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Planning Your Projects – The Value of Collaboration

When you are planning a project one of the first things you try to nail down is the budget and schedule. How long will it take to deliver the project and how much will it cost? A good PM will have a idea of what the timeline and cost would be for a specific type of project based on scope. A great PM will bring his or her team in, share the scope of the project and let them contribute to (if not drive) the estimate and schedule.

You’ve probably heard the adage “Plan the fight or fight the plan”. Yes the PM is held accountable for the overall budget, schedule, scope and quality of the project, but that doesn’t mean that the team should not participate in the planning process. They will be doing the work after all; doesn’t it stand to reason that they have a voice in the planning phases as well? Team members performing the work need to be given the authority to determine their own estimates based on task complexity, their own skill level and known unknowns (more on this in a future post). But with authority comes accountability. When team members have the authority to plan their own estimates, accountability for meeting those estimates must also be part of the deal.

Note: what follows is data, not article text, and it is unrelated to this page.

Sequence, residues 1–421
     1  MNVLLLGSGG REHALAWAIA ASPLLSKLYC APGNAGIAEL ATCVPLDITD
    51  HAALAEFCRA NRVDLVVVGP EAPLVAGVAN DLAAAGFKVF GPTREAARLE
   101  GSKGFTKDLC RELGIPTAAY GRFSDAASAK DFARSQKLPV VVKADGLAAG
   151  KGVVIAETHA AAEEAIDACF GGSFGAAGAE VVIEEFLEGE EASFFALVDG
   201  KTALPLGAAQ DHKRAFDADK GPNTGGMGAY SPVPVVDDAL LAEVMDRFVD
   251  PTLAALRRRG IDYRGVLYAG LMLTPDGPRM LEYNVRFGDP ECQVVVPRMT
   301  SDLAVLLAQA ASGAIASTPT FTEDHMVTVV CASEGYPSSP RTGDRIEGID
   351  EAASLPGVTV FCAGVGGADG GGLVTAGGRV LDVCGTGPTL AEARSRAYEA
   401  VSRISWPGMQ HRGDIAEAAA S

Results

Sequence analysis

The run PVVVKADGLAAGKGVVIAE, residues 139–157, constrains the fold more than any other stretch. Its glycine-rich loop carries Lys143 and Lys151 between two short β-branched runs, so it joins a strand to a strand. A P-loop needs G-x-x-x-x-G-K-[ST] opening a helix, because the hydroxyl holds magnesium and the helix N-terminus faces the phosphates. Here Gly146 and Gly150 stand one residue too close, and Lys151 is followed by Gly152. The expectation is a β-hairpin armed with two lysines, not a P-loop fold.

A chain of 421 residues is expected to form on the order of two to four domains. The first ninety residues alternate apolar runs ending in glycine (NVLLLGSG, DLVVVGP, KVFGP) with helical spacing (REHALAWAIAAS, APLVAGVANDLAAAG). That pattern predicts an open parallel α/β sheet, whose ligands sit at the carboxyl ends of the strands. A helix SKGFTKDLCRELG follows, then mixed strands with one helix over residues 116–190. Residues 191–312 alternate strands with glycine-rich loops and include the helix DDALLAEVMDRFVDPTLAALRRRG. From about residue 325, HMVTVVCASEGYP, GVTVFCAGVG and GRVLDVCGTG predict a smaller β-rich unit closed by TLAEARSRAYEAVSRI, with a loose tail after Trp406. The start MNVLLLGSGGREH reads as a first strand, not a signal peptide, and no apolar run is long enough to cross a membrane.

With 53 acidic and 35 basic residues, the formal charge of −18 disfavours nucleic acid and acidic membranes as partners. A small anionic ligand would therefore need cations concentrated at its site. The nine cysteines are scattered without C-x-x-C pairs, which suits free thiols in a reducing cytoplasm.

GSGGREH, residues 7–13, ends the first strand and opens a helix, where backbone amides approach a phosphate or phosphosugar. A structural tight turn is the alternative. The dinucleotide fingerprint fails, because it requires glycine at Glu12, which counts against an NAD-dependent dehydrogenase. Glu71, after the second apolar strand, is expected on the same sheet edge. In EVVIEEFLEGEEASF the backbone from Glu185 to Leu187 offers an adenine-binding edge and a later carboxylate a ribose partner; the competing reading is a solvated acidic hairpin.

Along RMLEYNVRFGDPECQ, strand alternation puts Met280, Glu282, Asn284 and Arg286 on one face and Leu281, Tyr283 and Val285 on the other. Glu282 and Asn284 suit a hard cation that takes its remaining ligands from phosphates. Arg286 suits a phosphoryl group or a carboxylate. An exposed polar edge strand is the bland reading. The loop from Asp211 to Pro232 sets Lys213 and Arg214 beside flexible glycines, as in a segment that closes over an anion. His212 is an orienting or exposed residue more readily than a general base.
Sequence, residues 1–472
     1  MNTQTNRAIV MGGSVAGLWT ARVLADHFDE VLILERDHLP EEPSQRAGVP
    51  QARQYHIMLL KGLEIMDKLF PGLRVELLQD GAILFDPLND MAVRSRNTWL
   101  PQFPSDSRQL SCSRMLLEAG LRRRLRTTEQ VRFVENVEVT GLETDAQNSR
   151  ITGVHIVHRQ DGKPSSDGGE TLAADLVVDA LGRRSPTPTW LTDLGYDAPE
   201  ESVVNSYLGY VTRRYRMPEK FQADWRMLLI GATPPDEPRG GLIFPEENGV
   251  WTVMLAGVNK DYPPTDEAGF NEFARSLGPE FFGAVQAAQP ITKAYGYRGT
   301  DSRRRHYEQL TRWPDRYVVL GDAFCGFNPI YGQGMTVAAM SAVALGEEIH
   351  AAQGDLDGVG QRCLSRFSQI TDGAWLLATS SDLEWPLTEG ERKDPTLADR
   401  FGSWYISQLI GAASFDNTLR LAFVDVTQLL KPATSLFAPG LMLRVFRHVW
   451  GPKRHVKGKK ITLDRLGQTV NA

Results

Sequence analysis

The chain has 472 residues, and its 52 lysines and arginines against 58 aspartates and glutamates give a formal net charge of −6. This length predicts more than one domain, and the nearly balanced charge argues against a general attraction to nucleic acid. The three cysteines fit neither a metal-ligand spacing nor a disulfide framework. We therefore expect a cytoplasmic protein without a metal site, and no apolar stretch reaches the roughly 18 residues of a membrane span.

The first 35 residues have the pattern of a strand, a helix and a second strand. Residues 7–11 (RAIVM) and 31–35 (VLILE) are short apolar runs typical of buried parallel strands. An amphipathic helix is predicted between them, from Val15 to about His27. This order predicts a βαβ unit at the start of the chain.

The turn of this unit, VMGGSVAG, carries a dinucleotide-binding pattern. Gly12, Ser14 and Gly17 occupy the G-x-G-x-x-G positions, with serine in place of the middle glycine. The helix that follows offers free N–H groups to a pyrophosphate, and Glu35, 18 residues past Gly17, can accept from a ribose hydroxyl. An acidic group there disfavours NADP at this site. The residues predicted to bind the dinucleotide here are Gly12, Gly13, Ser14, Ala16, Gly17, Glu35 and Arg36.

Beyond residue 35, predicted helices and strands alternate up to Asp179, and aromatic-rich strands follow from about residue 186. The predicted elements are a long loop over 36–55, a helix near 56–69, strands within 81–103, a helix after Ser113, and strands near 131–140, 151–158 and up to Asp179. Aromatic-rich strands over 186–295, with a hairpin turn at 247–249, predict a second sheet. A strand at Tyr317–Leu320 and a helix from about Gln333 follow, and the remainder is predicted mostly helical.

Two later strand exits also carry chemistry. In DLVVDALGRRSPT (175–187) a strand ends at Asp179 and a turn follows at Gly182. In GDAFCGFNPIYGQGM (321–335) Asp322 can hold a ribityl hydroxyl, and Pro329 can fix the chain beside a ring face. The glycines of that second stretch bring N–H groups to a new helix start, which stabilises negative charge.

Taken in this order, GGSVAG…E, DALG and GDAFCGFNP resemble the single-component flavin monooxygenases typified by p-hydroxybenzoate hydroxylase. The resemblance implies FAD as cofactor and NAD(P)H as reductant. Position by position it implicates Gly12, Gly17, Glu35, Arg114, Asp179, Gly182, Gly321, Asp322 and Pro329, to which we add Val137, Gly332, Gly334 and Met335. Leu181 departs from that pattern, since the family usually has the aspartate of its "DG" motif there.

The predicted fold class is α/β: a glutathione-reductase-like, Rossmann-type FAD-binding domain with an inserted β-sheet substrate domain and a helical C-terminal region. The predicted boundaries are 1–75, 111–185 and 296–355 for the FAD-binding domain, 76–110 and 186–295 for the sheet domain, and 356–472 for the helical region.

There is a cost to this approach – planning meetings are not inexpensive. Often times they can be hours spent as a team in the boardroom white-boarding the approach, decomposing the work to manageable tasks and playing estimating poker to come up with reasonable estimates that everyone buys into. While this cost can be seen as excessive to some (“why do we need the whole team in planning, can’t the PM do it by himself?”), rarely is it ever considered a waste when the project is successful.

By giving your team members a sense of ownership by way of planning their own estimates and tasks, the accountability factor goes way up and team members will inherently do whatever they can to deliver what they promise. This does not replace the need for PM’s to constantly be monitoring progress and removing non-technical roadblocks to let their teams succeed, but it does significantly increase the probability of a project coming in on time and on budget.

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